The excerpt below from "Postal Services in the Colonies, 1592-1775," an article that appeared in March 1891 in The Southern Philatelist 2


The first Parliamentary Act for the establishment of a postoffice in the English American Colonies was passed in April, 1692, when a royal patent was granted to Thomas Neale for the purpose. He was to transport letters and packets 'at such rates as the planters should agree to give.'

Rates of postage were accordingly fixed and authorized, and measures were taken to establish a postoffice in each town in Virginia, when Hale [?] began his operations. Massachusetts and other Colonies soon passed postal laws, and a very imperfect postoffice system was established. Neale's patent expired in 1710, when Parliament extended the English postal system to the Colonies. The chief office was established in New York, where letters were conveyed by regular packets across the Atlantic.

A line of postoffices was soon after established on Neale's old routes, north to the present City of Portsmouth, N.H., and south to Philadelphia, and irregularly extended a few years later, to Williamsburg, Va. The post left for the South as often as letters enough were deposited to pay the expense. The rates were fixed, and the post-rider had certain privileges to travel. Finally an irregular postal communication was established with Charleston.

In 1753 Dr. Franklin was appointed Deputy Postmaster-General for the Colonies. It was a lucrative office, and he held it until 1774, when he was dismissed because of his active sympathy with the colonists in their quarrel with the Ministry. For a while the colonial postal system was in confusion. William Goddard, a printer, went from colony to colony, making efforts to establish a 'Constitutional Postoffice,' in opposition to the 'Royal Mail.'

When, in 1775, almost every vestige of royal power was swept from the Colonies, the Continental Congress appointed (July 26) Dr. Franklin Postmaster-General. In the autumn of 1776, when Independence had been declared, and Franklin sailed for France, the whole number of postoffices in the United States was 75; length of post routes, 1,875 miles; revenue for about fifteen months, $27,985; annual expenditures, $32,142. (pp. 87-88)




The development of an effective circuit of communications was critical to the success of the revolution. For example, when the people of Boston met to discuss their concerns about the British embargo on imports into their harbor, the ideas generated by the meeting were committed to paper and sent to people throughout the colonies. Regular committees of correspondence were established and riders were assigned to carry documents between colonies. The effective exploitation of the postal system and other systems of communication enabled the revolutionary leaders to connect people who lived within distinctive cultures and dispersed across a vast landscape. This is what made it possible for Americans a shared way of looking at things and a sense of community that transcended local boundaries.  This is, at least in part, what made it possible for people who had thought of themselves as "Englishmen" in America to come to see themselves as Americans.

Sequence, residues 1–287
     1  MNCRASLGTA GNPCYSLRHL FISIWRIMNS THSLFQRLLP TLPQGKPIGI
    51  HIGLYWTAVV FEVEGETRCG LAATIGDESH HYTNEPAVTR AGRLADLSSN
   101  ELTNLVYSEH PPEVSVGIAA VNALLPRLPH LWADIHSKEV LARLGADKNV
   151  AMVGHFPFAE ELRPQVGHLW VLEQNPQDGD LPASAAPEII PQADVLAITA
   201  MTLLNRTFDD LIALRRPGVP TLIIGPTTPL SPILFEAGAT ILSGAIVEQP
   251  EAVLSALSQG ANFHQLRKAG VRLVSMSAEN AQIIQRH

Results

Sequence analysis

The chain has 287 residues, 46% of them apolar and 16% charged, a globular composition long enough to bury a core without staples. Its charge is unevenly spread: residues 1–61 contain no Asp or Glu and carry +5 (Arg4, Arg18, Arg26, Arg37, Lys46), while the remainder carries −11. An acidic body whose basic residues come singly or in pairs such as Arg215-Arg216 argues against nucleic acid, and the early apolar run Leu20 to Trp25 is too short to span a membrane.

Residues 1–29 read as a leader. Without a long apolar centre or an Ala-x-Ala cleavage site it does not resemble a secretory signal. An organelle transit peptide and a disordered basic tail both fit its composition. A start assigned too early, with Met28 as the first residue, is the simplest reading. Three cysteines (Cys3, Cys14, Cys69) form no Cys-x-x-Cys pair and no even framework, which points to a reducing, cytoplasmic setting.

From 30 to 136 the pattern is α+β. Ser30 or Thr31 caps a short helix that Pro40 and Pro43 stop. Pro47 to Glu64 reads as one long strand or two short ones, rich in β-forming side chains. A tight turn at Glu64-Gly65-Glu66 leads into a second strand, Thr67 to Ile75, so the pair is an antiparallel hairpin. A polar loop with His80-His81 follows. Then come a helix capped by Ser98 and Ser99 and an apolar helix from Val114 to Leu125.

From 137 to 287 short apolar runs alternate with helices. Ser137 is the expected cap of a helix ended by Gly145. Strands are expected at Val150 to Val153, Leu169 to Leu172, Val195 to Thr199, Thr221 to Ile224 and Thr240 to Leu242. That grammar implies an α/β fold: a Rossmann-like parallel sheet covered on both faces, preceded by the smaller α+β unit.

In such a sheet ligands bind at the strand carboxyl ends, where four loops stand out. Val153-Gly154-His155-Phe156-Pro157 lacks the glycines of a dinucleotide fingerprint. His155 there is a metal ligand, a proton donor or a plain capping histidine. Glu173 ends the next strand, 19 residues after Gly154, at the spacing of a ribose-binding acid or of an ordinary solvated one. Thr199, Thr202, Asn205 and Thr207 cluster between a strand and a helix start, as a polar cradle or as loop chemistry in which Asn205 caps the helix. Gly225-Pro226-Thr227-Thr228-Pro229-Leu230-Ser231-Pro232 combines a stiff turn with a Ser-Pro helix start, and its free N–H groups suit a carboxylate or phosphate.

Resources on Other Sites

Starting the System, an exhibit that is part of a larger gallery at the Smithsonian National Postal Museum called Binding the Nation, devoted to the early history of mail service from pre-Revolutionary America through the end of the 19th century. Particularly relevant to the study of the 1770's is The Postal Service in Colonial America.

Means of Travel, Mails, Newspapers from History of the United States of America, by Henry William Elson, The MacMillan Company, New York, 1904, at Colonial America from Exploration through Revolution, an American Local History Network Topic. Note: This offers a 19th century view of 18th century transportation and communication.

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The E Pluribus Unum Project is funded by a grant from the National Endowment for the Humanities. It is co-directed by Dr. John McClymer, Professor of History, Assumption College; Dr Lucia Knoles, Professor of English, Assumption College; and Dr. Arnold Pulda, Director of Gifted and Talented student programs for the public schools in Worcester, MA. Visitors are encouraged to send inquiries or suggestions.